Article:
PASCO, Wash. -- Are yellowjacket and wasps the same pest?
No, they're different, and we have both in our area. Paper wasps are a real nuisance in my yard. They're social wasps (living in groups) and build relatively small open-celled nests (not enclosed with a papery covering.)
Our native paper wasps are distinctly different from yellowjackets. They have reddish brown slender bodies with yellowish markings and long dangling legs.
However, our area of Washington has been invaded by the European paper wasp. It has a larger shiny black and yellow body that looks much like the common yellowjackets of the region.
Unlike yellowjackets, these invasive paper wasps don't scavenge for food and are considered beneficial because they eat live insects. They're often a problem because they build their nests almost anywhere in the yard and will sting if their home is threatened.
The common area yellowjackets build large enclosed papery nests in the ground. The entrance to their nests is small and often unnoticed. During the summer, the yellowjackets are helpful by eating live insects. They also forage for other sources of protein, such as dead animals, garbage and ripe fruit.
Once they secure their dinner, they chew it up and return to their nest to feed it to developing larvae. The larvae in turn produce a nutritious liquid for the adult workers to eat.
In the fall, the yellowjacket's prey start to disappear, and fewer yellowjacket larvae are available to produce their dinner. Without enough food, they turn aggressive when seeking out protein and sugar-based foods. That's when they become a hazard at outdoor feasts.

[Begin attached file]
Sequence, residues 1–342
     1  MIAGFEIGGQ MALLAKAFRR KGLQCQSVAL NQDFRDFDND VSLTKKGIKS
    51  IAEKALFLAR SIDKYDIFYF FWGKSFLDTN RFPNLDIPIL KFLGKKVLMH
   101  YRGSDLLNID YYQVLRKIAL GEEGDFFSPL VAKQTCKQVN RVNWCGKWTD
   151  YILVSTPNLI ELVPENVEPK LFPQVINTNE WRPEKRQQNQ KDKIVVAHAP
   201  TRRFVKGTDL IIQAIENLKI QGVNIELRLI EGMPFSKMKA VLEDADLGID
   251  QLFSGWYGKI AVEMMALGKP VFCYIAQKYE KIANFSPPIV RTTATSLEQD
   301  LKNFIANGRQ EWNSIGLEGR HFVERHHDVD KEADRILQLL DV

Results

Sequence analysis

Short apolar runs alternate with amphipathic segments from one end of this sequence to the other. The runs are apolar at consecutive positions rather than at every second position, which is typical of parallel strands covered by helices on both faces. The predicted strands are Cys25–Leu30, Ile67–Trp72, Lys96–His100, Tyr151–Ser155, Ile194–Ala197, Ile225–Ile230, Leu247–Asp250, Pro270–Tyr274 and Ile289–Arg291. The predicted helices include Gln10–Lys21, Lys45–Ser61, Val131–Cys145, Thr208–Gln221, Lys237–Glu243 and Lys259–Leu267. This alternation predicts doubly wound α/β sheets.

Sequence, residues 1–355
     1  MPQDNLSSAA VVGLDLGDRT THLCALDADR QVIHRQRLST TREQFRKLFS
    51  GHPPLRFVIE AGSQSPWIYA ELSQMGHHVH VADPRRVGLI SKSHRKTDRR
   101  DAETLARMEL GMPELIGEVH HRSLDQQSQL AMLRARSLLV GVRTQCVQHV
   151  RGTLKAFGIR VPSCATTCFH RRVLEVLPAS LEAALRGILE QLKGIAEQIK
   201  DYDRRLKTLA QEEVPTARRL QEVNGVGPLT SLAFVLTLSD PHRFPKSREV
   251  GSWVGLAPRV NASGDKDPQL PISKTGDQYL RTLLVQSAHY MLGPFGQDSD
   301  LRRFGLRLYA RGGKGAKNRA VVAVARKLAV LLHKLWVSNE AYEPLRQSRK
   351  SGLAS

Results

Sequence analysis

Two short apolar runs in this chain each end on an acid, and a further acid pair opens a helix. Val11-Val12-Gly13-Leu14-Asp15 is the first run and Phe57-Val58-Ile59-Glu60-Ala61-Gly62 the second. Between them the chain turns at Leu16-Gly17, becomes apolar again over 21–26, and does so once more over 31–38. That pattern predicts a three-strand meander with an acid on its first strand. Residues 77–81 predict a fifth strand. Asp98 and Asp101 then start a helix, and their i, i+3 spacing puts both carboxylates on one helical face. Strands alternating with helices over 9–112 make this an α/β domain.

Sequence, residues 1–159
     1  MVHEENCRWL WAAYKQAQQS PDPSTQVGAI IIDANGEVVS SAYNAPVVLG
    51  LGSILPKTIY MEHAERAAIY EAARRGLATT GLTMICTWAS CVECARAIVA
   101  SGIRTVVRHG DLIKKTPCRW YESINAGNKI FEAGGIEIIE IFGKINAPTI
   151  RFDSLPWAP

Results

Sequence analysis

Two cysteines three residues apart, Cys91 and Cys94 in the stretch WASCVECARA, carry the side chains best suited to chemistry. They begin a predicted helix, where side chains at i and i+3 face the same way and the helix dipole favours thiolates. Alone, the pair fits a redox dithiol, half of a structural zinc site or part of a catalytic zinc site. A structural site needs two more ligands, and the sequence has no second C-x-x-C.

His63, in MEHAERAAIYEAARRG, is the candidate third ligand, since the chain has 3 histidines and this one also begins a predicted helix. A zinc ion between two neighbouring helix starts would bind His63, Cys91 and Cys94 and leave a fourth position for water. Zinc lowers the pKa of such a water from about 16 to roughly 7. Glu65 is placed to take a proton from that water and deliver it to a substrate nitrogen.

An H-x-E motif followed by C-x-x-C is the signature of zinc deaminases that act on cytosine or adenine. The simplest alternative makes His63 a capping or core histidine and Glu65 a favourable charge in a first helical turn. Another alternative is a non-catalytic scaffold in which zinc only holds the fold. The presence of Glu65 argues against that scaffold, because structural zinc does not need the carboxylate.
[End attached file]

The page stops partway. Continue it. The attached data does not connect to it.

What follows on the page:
How to trap yellowjackets
Some have tried a bright yellow manufactured trap, as well as a homemade trap baited with sweet syrup and fruit juice, but both didn't trap any yellowjackets.
The problem may be that you have a problem with paper wasps, not yellowjackets. The good news is that paper wasps don't forage for protein and sweets at picnics. If they're causing you a problem near a picnic table, they're probably defending a nearby nest. Try to locate their open-celled nests and treat with an appropriate aerosol insecticide product labeled for wasp control. To avoid getting stung, follow label directions and apply the spray during the evening when it's almost dark.
If yellowjackets are a problem, lure traps will work for some types of yellowjackets, but their trapping potential can be enhanced by using meat, such as chicken, as an attractant. The meat should be replaced frequently, along with removing the dead yellowjackets.
Place baited traps around the periphery of your yard. If you're trying to protect a picnic spot in a larger area, place the traps about 200 feet away, spacing them every 150 feet apart.
I have tried the WHY traps for yellowjacket and paper wasp trapping, but they don't seem to work.
The WHY traps work well for the common yellowjackets and native paper wasps in our region, but their attractant doesn't appear to be effective for the European paper wasp, which now outnumbers the native one.
Dr. Peter Landolt, the USDA scientist who developed the attractant for the WHY trap, is trying to develop an attractant that will work for the European paper wasp.
* Marianne C. Ophardt is a horticulturist for Washington State University Benton County Extension.